Many do it with a singular—if unspoken—goal: to bring men back to the flock.
Michael (not his real name), was tall and slender; his windswept, dirty blond hair done up in a flock of Seagulls–style do.
Tavi already has a flock of online fans as a popular fashion blogger and editor of the online magazine Rookie.
In February, I wrote a column asking whether right wing talk radio was dying and ruffled some feathers in that flock.
Fans of the series will flock to see ‘Mockingjay’ this Thanksgiving weekend.
To aggregate is to collect into a flock; to collect into a mass or sum.
Hester knew nothing of the state of either, nor had they ever belonged to her flock.
The woman was gone, but over the prison a flock of pigeons were flying.
They had stumbled in the dark on the bedding-place of a flock of Bighorn.
As in most rambles of the sort, it was a difficult task for the mistress to keep all the members of her flock in sight.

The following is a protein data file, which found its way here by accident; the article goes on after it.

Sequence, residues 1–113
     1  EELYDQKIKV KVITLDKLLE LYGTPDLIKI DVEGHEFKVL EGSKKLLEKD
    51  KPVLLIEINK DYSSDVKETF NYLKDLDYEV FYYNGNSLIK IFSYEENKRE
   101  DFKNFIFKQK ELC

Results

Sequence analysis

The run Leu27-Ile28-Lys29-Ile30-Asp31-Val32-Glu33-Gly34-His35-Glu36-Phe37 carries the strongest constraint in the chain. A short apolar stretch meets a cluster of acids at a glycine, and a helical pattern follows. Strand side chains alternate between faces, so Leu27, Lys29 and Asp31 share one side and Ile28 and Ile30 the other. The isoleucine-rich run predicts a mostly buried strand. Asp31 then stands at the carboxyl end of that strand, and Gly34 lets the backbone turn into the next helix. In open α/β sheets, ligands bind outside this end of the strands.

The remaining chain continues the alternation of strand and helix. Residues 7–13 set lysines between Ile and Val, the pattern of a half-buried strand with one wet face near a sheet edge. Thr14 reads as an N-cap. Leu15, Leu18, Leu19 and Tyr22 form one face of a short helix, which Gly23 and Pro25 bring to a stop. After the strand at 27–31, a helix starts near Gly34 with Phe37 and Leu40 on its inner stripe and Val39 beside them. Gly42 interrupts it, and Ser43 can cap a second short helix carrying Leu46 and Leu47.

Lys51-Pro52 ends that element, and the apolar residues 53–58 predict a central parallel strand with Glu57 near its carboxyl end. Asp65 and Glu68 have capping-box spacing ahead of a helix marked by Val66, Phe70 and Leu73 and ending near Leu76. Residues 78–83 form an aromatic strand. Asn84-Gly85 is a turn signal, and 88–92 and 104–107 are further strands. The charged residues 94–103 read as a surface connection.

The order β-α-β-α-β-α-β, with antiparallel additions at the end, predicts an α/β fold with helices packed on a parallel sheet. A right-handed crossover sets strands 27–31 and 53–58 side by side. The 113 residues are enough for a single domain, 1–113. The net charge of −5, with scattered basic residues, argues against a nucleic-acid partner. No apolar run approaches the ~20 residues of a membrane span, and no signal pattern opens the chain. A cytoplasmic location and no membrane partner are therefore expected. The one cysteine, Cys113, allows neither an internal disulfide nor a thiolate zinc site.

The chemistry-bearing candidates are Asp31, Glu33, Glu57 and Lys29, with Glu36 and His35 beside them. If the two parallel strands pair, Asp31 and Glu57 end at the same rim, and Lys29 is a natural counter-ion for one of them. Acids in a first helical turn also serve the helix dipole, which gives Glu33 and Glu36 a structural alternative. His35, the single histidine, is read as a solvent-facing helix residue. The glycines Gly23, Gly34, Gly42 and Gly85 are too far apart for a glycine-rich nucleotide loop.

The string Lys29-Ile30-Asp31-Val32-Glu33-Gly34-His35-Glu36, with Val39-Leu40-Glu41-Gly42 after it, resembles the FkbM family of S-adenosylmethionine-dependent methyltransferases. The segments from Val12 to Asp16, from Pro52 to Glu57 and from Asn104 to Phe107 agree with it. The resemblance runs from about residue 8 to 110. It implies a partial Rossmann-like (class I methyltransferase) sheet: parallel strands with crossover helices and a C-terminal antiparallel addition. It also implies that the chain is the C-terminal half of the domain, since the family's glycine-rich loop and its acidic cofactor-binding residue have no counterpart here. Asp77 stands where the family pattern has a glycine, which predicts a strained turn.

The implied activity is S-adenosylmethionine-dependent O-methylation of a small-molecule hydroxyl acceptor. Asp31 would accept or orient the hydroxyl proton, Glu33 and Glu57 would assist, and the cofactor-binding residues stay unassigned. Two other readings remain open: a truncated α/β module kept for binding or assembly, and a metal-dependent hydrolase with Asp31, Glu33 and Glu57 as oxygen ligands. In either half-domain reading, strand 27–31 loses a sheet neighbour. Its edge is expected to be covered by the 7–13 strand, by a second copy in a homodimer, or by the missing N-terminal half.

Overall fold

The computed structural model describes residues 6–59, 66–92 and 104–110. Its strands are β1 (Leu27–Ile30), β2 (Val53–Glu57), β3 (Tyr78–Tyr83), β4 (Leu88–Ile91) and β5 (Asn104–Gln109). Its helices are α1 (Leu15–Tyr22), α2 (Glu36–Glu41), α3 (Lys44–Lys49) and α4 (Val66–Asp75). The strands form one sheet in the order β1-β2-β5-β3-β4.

Old English flocc "a group of persons, company, troop," related to Old Norse flokkr "crowd, troop, band," Middle Low German vlocke "crowd, flock (of sheep);" not found in other Germanic languages; perhaps related to folc "people," but the metathesis would have been unusual for Old English.
Extended c.1200 to "a number of animals of one kind moving or feeding together;" of domestic animals c.1300. Transferred to bodies of Christians, in relation to Christ or their local pastor, from mid-14c.
"tuft of wool," mid-13c., probably from Old French floc, from Latin floccus "flock of wool, lock of hair."
"gather, congregate," c.1300, from flock (n.). Related: Flocked; flocking.